See New River Valley’s performance on End-of-Grade tests in reading and math, Grade 5 below:

Before Jennifer could respond, the door to Barry’s office burst open. He looked up in surprise as his secretary, Mavis Bloomburg, rushed through the door. “Mr. Smith, Mr. Smith – oh my God, you won’t believe it, there’s been a bomb threat!”

Instinctively Barry stood up, his mind racing. Well, he thought inconsequentially, I guess you’re not a real principal until you’ve had at least one bomb threat“I’m sorry, Jennifer, I’ve got to go,” he said as he headed for the door, his attention already focusing on the crisis at hand and the proper procedures for emergencies. “We’ll revisit this issue again, I promise.”

Barry Smith returns a telephone call to the leader of the Christian Service Society and wonders where the line is between community involvement and the separation of church and state.

11:15 a.m.

After the bomb threat – which was, thankfully, a hoax – Barry made his follow-up walk around the school, then returned to his office to find a thick stack of pink notes from Mavis, detailing all the phone calls he’d missed. Probably two or three hours’ worth, he realized with a sinking feeling. How was he supposed to get anything accomplished when his day was constantly interrupted? He decided to start with the first on the list: Reverend James Blackstone. What on earth could this be about?

Reverend James Blackstone

My family has been here in New River for four generations – we live in that big white house on the corner of First and Washington. You’ve seen it? One thing you should understand about me is that this is not just my town, this is my family. That influences who I am, the things that I do.

First Hope Church has a large and influential congregation.


I have been honored to serve as the minister of First Hope Church, the largest in the community – in fact, the Superintendent is one of my parishioners – for eighteen years now. I’ve also been President of the New River Christian Service Society Board for the past six – in fact, a member of the school board also sits on that panel. You see how we all work together in this community! The CSSB is an organization whose goal is to relieve pain and suffering within the community through visits, prayers, and, especially, donations to the needy. We run a food bank, a clothes closet, and an emergency fund which pays delinquent electric bills, among other things. We do a lot of good in this community – I’m proud of the things that we’ve accomplished.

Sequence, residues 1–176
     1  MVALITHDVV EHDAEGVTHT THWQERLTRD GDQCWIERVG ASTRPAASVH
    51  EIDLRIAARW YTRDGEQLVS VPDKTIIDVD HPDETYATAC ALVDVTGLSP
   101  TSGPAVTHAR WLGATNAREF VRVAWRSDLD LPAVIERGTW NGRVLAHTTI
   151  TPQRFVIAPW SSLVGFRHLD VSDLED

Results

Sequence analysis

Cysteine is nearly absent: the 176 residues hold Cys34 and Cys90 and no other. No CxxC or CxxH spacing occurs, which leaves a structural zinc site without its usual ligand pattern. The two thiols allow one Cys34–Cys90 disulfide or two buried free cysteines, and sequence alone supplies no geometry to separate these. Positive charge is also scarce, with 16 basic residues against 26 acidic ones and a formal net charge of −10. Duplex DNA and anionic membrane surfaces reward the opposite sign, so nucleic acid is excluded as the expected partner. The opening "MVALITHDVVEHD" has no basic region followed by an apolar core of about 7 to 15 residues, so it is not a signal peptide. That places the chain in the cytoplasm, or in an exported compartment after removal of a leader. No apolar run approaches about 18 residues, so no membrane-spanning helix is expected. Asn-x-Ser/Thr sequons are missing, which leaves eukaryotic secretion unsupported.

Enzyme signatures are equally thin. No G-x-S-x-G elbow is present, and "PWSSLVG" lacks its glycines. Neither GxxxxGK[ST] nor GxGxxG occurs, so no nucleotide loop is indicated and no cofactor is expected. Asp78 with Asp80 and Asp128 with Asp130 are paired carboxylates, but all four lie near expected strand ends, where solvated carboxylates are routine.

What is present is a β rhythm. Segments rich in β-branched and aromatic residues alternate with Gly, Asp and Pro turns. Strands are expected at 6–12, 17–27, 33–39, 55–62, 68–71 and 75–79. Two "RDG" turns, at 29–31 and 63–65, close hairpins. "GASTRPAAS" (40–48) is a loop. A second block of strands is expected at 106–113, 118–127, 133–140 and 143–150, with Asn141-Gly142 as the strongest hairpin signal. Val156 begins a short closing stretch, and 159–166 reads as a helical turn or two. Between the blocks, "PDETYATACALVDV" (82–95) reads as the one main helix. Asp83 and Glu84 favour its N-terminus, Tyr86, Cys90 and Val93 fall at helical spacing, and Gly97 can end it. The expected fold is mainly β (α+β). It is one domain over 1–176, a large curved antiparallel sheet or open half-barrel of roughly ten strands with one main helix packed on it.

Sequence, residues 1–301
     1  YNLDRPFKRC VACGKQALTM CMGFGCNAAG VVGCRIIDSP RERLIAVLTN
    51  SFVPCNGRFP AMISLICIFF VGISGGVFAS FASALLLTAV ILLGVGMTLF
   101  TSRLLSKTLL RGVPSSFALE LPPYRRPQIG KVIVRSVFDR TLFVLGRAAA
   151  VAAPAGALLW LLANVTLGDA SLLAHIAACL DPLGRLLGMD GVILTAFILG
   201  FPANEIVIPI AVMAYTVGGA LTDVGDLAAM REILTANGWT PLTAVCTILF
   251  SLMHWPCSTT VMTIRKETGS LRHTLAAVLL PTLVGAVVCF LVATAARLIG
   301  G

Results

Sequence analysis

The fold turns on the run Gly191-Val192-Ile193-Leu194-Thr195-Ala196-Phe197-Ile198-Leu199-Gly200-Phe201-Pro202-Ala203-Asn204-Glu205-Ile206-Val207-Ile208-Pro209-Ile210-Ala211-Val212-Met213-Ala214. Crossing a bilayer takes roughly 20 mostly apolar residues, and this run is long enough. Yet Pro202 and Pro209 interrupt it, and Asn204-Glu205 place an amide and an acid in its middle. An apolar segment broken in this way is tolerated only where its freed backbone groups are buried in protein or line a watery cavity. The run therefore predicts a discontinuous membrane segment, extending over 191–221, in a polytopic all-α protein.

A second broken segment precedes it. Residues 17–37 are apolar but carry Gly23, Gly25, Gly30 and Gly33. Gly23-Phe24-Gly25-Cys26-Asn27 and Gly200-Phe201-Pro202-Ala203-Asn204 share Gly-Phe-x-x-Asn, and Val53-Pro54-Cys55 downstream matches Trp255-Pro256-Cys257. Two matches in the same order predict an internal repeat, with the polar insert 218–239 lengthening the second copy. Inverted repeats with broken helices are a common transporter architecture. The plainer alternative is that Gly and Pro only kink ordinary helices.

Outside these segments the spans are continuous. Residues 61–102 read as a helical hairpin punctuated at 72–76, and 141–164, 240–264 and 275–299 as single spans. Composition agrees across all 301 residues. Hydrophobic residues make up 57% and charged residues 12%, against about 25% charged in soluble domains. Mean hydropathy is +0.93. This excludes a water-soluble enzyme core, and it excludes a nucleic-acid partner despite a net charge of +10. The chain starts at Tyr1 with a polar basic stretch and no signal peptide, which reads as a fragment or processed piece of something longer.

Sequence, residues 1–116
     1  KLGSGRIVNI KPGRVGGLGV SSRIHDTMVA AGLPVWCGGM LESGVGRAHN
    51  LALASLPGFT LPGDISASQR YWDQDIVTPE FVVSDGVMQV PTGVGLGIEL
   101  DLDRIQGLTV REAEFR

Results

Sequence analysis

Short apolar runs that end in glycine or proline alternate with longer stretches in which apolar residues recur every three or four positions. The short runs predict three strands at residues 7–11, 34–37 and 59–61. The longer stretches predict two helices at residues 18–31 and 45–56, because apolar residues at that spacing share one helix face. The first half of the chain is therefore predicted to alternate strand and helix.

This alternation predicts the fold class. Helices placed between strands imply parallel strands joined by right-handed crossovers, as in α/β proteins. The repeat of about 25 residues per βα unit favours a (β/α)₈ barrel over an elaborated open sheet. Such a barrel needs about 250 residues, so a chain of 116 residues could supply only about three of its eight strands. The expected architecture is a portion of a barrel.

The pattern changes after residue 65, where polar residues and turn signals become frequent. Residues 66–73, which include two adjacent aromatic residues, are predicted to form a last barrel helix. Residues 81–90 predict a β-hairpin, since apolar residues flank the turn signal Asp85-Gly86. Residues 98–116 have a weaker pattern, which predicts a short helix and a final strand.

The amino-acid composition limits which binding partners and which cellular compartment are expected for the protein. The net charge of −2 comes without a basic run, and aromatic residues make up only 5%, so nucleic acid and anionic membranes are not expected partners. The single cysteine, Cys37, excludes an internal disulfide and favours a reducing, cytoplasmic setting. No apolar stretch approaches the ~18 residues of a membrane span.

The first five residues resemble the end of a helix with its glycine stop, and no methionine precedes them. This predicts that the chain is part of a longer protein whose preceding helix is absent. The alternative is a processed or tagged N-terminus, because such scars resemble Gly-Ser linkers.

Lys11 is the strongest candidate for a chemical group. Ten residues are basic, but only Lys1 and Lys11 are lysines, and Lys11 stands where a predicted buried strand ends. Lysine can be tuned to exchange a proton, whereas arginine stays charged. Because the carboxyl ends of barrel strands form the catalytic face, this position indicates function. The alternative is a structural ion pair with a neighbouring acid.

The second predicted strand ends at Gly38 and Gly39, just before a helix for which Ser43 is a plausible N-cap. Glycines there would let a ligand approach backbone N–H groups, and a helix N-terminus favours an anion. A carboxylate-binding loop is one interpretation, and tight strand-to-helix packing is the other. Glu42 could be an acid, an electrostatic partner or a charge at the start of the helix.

“I’d like to welcome you to the community,” began Reverend Blackstone, his voice practically rattling the receiver in Barry’s hand.

“Thank you,” said Barry, imagining that voice rocking First Hope Church Sunday after Sunday. He was fairly certain the Reverend didn’t need a microphone to reach the ears of his faithful.

“I hope that you’re settling in all right,” the Reverend continued. “Despite the bomb threat.”

“You heard about that already?” Barry was surprised at how quickly the news had spread.

Reverend Blackstone wants students to perform at a church function.


“It’s a small world, Mr Smith,” the Reverend chuckled, “and more particularly, it’s a small town. But I hear you handled it just fine.” The Reverend’s reassurance was a bit patronizing, but Barry couldn’t help being a little envious of the authority that emanated from the phone. Maybe if I had some of that, he thought, I’d have more success with Jennifer Holmburg and her team.

The Reverend continued, “You know, I’ve been thinking that the sooner you and I can sit down and discuss our joint roles in working together for the good of the youth in this community, the better.”

“That seems like a good idea,” Barry agreed cautiously. While he too believed that the more the community was involved with the success of New River Elementary, the better, he thought it would be best to limit how much influence and access any one group had.

“I’m glad that you think so,” said Rev. Blackstone. “We’re all one family here, and the more cooperation we have between us, the more we all win.”

Barry made a noncommittal, “Uh-huh.” The longer this conversation lasted the more certain he was that there was more going on in this phone call than a simple welcome-to-the-community speech. He vaguely sensed the jaws of a trap getting ready to spring shut on him.

“By the way, I have a request.” Here it comes, thought Barry. “We have a Service Society meeting next Wednesday, at noon in the community center next to the library. I need a program for the meeting, and thought what better than to have some children from the school come to sing for the group? Nothing too fancy, just several selections.”